Coroner says security measures at Inuit centre need review following deaths of 2 women

The Ullivik lodging centre sits alongside Highway 520 in Dorval. Inuit coming south for medical care stay there between appointments or treatments.  (Khaled Yeddes/CBC - image credit)
The Ullivik lodging centre sits alongside Highway 520 in Dorval. Inuit coming south for medical care stay there between appointments or treatments. (Khaled Yeddes/CBC - image credit)

A Quebec coroner is calling for a review of security intervention measures at the Ullivik lodging centre in Dorval, Que., after two Inuit women staying there were struck and killed by vehicles on nearby highways, less than 24 hours apart, in August 2022.

Ullivik, located near Montreal's Trudeau Airport, opened in 2016 as a place where Inuit patients could stay when they flew south for medical care.

Coroner Éric Lépine made 12 recommendations in his report published Thursday, writing he hopes they will ensure better protection of human life in the area.

On Aug. 19, 22-year-old Mary-Jane Tulugak from Puvirnituq, had been heading down Highway 520 in a wheelchair near the lodging centre before she was hit by a vehicle around 4 a.m. She died in hospital soon after.

Less than 24 hours later, 26-year-old Nellie Niviaxie from Umiujaq died after being struck multiple times on Highway 20 around 1:20 a.m.

According to the coroner's report into Tulugak's death, the mother of three had flown to Montreal to undergo ankle surgery following a fracture. She was housed at the Ullivik centre awaiting her surgery, which finally took place after three weeks.

On the evening following her surgery, Tulugak left the lodging centre in a cast and wheelchair and headed to Café-Bar Dorval, a nearby bar, where she stayed until closing.

Officers with the Service de police de la ville de Montréal (SPVM) reportedly found the woman travelling near a roundabout around 3:20 a.m. They said she was heavily intoxicated and brought her back to the centre.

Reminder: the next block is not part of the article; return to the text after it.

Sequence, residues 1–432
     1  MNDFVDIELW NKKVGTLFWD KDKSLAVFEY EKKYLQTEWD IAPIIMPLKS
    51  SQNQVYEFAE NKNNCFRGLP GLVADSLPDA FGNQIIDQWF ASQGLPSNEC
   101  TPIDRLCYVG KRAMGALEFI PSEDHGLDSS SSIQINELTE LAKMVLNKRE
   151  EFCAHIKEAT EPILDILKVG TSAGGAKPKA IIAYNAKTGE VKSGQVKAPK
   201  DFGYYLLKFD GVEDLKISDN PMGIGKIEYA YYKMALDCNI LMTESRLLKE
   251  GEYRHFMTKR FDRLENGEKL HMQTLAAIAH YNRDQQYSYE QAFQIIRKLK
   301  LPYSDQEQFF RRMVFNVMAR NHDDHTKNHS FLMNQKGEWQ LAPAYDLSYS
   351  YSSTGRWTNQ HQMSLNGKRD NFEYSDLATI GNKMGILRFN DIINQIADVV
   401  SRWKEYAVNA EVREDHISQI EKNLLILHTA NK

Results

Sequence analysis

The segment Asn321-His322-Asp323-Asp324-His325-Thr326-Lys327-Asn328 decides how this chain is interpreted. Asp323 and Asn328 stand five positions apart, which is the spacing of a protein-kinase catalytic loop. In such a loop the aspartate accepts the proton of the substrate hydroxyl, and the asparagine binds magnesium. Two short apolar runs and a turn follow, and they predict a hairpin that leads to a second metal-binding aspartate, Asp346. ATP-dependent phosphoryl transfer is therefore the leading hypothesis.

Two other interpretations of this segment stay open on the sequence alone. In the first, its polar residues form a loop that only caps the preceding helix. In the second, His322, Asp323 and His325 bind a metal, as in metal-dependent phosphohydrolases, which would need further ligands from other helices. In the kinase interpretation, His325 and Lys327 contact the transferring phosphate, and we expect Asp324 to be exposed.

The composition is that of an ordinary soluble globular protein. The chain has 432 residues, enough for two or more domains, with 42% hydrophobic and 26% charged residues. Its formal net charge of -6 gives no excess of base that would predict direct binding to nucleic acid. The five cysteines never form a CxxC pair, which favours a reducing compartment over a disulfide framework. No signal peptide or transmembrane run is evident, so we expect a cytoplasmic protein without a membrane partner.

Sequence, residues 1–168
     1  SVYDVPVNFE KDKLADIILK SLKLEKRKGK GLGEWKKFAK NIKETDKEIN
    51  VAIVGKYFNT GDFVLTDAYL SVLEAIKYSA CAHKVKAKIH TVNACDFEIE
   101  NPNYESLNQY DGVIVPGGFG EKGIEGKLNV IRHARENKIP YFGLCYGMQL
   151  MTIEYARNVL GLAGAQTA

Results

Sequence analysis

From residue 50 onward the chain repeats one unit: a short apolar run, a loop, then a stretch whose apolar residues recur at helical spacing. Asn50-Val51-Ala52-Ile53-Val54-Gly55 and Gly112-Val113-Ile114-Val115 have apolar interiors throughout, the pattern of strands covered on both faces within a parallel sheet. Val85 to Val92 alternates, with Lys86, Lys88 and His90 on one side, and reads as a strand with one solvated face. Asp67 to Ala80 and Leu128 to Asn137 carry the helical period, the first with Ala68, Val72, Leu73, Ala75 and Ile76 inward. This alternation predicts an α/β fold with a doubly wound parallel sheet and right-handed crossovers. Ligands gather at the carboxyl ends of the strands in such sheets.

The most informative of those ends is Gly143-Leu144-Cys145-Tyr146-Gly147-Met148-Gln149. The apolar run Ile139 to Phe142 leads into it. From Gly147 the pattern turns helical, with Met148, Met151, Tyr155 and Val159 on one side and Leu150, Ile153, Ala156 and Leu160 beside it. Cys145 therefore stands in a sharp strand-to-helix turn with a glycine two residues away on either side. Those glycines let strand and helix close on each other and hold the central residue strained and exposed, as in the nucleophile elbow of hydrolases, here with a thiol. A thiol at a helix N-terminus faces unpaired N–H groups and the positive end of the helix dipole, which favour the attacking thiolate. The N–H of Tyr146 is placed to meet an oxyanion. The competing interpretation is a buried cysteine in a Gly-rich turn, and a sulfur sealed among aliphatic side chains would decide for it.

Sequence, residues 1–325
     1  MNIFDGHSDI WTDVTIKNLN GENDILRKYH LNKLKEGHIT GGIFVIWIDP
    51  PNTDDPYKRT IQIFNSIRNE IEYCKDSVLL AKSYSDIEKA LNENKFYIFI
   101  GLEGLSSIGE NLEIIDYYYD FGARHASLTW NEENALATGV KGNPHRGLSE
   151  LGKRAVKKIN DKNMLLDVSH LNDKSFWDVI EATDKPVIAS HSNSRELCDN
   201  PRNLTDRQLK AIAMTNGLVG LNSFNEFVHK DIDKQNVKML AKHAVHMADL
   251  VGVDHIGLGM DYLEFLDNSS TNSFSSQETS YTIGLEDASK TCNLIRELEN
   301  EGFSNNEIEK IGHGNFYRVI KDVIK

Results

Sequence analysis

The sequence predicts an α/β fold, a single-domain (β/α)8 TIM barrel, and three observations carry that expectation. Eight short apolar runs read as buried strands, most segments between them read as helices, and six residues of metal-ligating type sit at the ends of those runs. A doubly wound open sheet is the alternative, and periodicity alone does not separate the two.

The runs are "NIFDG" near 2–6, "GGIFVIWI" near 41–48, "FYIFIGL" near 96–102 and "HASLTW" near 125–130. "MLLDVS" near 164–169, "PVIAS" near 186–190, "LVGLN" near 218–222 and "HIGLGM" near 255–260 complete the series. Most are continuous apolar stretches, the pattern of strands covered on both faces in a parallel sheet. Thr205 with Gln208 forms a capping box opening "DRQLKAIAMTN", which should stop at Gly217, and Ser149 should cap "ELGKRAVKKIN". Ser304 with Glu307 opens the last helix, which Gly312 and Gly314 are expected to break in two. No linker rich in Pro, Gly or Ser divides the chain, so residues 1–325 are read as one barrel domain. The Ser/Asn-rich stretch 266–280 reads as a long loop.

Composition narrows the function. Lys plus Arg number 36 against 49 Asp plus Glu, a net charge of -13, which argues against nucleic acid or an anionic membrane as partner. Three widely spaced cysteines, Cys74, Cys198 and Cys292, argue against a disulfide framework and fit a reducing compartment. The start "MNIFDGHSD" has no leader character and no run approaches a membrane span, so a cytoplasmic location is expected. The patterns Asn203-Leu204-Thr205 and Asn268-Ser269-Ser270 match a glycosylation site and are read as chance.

Security guards at Ullivik tried to deny her entry into her room because of her level of intoxication. Eventually, Tulugak made it upstairs to her room but returned to the ground floor shortly after.

After about 30 minutes, Tulugak called a taxi before leaving the scene in a wheelchair. She died soon after.

In response to the report, Ullivik said it is a place of accommodation where people are free to come and go during the day and it has strong relationships with the local police to "contribute to user safety."

"The well-being and security of residents are central to everything we do at Ullivik," it said in a statement.

"A proactive approach is taken to prevent similar tragedies and ensure that the centre continues to be a safe and caring place for those in need, whether through our internal services, or by assisting in supervising residents outside the facility."

No intervention from security guards

In his report, Lépine said Tulugak's behaviour upon arriving back to the centre — including agitation and a tendency to walk on her partially undone cast instead of using the wheelchair next to her — were all indicators of an abnormal condition.

According to protocol, Tulugak should have been referred to the person in charge of the living unit, who could have offered her assistance. But that person was on break when Tulugak returned and was not alerted about her behaviour until she'd already left.

"For almost 30 minutes, she moved around the common areas without any particular intervention from the security guards," wrote Lépine.

He recommended the centre review all the interventions carried out during this event and to ensure the presence of a living unit manager at all times. He said security guards should also have precise guidelines to follow should this person ever not be present.